Will David Brat's unseating of GOP House Majority leader Eric Cantor help send the Republican Party in the right direction or the wrong direction. Initial signs are not promising. Brat holds
- That all individuals are entitled to equal rights, justice, and opportunities and should assume their responsibilities as citizens in a free society.
The idea that there is a "right to opportunities" counterbalanced by "responsibilities as a citizen" indicates that Brat has no idea what rights are or where they come from. Who is to provide these opportunities, in exchange for what responsibilities? The only way for "opportunities" to be equalized—apart from equal protection of individual rights—is for government to violate rights (e.g., to impose taxes for education). Then, what "responsibilities" will the beneficiaries owe "society"; i.e., the government? Brat's premise leads directly to statism, not a free society.
- That faith in God, as recognized by our Founding Fathers is essential to the moral fiber of the Nation.
This means that Brat is an altruist; meaning that he is in no position to fundamentally defend freedom.
Bloomberg's Jeff Kearns reports:
“The one source of economic growth is virtue,” Brat, 49, told the Richmond Times-Dispatch in 2012. “It is not property rights, not law or resources, but virtue.”
The intersection of ethics and economics is a theme that runs across Brat’s research, teaching and consulting, as well as an academic career that includes degrees in business, divinity and economics.
Brat's correct that ethics and economics intersect. But how? It's true that it takes a certain constellation of virtues to earn property. But what virtues is Brat talking about? His religiosity hints that he considers virtue and property rights—a moral principle—as separate, not integral and hierarchical. Altruism, after all, holds that moral virtue consists of giving property away to others, not producing property in service to one’s own life and happiness.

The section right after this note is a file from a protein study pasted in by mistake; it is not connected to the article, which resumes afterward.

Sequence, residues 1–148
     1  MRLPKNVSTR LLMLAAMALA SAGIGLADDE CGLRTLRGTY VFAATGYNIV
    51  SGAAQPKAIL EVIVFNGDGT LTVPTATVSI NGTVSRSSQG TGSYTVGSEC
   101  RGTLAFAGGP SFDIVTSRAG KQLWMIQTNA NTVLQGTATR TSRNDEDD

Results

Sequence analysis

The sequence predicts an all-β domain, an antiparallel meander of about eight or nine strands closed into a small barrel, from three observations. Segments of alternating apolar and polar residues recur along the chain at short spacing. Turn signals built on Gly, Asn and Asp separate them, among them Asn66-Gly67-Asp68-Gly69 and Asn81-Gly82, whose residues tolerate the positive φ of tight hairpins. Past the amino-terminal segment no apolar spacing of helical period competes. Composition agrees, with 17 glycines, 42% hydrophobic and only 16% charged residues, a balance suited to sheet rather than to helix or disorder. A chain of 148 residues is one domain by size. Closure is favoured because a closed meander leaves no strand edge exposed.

It's true that our Founding Fathers believed that morality comes from God, which caused them to cling to altruism. It followed that capitalism—the system of rational selfishness that is implied in the Declaration of Independence and fully developed by Ayn Rand—could not, in the long term, survive and thrive in the culture steeped in the "moral fiber" of altruism. The result of this—The altruist/collectivist ethics, identified by Ayn Rand as “America’s inner contradiction"—is our disintegrating mixed economy of growing government controls and diminishing individual rights. If we are to take Brat’s God/ethics connection at face value, his free market philosophy is hollow, because he will only perpetuate America’s inner contradiction.
Brat made immigration the central issue in his campaign, and that is credited by pundits as tipping the electoral scale in his direction. But a reading of his immigration stance not only reflects his misunderstanding of individual rights, but also indicates a severe lack of basic economic understanding. He opposes legalizing illegal immigrants who have already built a life in this country by productive work, but claims that "Adding millions of workers to the labor market will force wages to fall and jobs to be lost." Huh? More people working, trading, starting businesses, etc. is bad for the economy? What does Brat think the economy is, if not working, trading, and starting businesses?
Brat apparently avoided many hot-button social issues in his campaign, such as prayer in government schools, gay marriage, and reproductive rights. But his explicit religiosity indicates he'd be on the wrong side of those issues.
The Republican Party desperately needs a new direction; one that consistently and explicitly upholds individual rights and limited, rights-protecting government—and upholds the ethics of rational selfishness that underpins these political values. It does not appear that Brat will lead them there. Future GOP leaders must break with religion and altruism for the party to become an effective counter-force to the Democrats' crusading collectivism/statism.